I guess glossy magazine and fancy TV shows draw people in hook, line and sinker. I don’t think that’s anyone’s fault. I just think it’s the nature of the world we live in. We are taught that unless you’re suffering through a diet, or sacrificing your life to exercise, well you must be doing it wrong.
Personally, I think that’s bullocks. I will never diet again. After I gave up dieting at the age of 23 (yes I started very young), I now use all those thought processes I had on dieting rules and weight loss and think about other things I enjoy. I don’t have any food guilt either… that’s heaven on earth for me. For a person who has, in the past, been plagued by these thoughts and fears of gaining weight etc, it’s like having a new life.
As for the other bits and bobs about dietitians promoting low fat diets, well I’d like to see the evidence for that.
Yes, it’s true that the dietary guidelines we use as a tool suggests use of low fat dairy products. It also recommends replacing saturated fat with healthier unsaturated fat alternatives. This is by no means a low fat diet.
Using unsaturated fats would mean that you can still use: olive oil, avocado, nuts and seeds, other vegetable oils and eat according to your needs. Please also note that it clearly says “Limit intake of food and drink containing added sugar”… see that part??? It means dietitians don’t want you eating too much sugar! Let’s not get caught up in the semantics of the dietary guidelines though, because what do dietitians actually do in practice?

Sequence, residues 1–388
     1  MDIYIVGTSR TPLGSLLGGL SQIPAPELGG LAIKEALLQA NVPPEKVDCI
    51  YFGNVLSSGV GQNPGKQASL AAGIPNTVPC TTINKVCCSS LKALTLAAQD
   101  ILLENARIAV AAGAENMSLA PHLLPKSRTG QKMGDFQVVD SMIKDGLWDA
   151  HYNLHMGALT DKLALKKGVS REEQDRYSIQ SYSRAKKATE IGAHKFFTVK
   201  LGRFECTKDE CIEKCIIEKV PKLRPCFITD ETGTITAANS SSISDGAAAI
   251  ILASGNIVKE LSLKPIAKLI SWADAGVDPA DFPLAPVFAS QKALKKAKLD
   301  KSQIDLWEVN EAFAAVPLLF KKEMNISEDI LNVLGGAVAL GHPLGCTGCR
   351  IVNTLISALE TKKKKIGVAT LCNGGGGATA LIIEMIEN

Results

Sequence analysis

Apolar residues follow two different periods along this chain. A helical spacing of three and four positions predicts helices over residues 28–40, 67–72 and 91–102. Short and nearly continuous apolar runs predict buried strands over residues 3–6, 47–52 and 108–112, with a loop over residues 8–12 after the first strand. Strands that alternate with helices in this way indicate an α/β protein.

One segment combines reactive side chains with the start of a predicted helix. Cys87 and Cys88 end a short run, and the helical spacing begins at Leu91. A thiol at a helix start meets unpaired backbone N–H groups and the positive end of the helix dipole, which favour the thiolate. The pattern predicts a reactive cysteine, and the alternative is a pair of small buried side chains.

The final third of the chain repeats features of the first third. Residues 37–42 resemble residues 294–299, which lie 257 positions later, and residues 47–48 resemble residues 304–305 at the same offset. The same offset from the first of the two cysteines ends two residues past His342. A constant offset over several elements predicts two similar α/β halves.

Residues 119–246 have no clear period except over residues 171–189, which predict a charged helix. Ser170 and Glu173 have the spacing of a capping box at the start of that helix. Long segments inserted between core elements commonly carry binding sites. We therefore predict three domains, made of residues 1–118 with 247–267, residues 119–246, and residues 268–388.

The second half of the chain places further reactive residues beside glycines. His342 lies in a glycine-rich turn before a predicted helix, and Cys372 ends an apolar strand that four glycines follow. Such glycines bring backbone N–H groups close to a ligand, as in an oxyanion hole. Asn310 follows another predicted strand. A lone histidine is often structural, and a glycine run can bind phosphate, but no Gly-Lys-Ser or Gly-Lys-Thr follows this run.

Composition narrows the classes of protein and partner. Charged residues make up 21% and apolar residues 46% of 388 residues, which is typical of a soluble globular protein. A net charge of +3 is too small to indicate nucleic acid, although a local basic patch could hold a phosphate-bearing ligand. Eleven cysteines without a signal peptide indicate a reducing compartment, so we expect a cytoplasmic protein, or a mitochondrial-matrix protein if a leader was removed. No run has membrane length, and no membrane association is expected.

How do dietitian’s provide advice?
We assess an individual’s personal energy requirements, we consider their goals, we take note of foods that they like and dislike, activity levels and other co-morbidities. By the time you consider all of the above add in natural protein sources like meat, oily fish and chicken; add extras like salad dressings and nuts as snacks, it’s a far cry away from being a low fat diet AND you may even have a warped version of the dietary guidelines.
Personally, I don’t make people swap to low fat dairy unless they want to. To me, choosing one from the other is a taste preference. For me, I only like skim milk and I prefer low fat yoghurt. However everyone isn’t me, or you and nor should they have to be. No one has the same taste buds or the same body or life, so why should everyone be eating the same diet?!
Next topic of agenda is sugar. I have seen people accuse dietitians of promoting the use of sugar. You can thank me later for clarifying this:
Just because we don’t make claims that sugar is “toxic” does not mean we promote a free for all. What part of “limit your sugar intake” is so hard to understand? Sugar is not toxic because that would mean you would die a sudden horrible death. I eat sugar and I’m not dead. I bet you have eaten sugar in your life time too and as far as I know you’re still breathing because you’re still reading. In addition dietitian’s aren’t going to lie to you about “Quitting Sugar” or provide sugar free plans, that still contain sugar (like other popular fad diet books on the market), we are also not going to tell you that calorie don’t count on the weekend on “cheat days”.
What dietitan’s do, is very different to fad diets. We don’t put everyone on the same plan, we won’t ever tell you that you can’t eat chocolate, and we won’t even make you feel bad. What we do as dietitian’s is more complicated and tailored to the individual than your average #fail-a-thon fad diet.
As you can see, dietitians are doing their job as experts in nutrition to “fight” the obesity crisis. If I had my way, I’d be on TV, telling people to NEVER DIET AGAIN! But until I get my diamond-encrusted microphone I will stick to my podcast and blog.
Now, if you want to give this “Healthy eating” no dieting bizzo a try, check out this nation wide initiative #AHWW. Australia’s Healthy Weight Week is run by dietitians and it promotes healthy eating. Pretty simple and it’s FREE!!! So spread the word, down with fad diets, and vow to never diet again!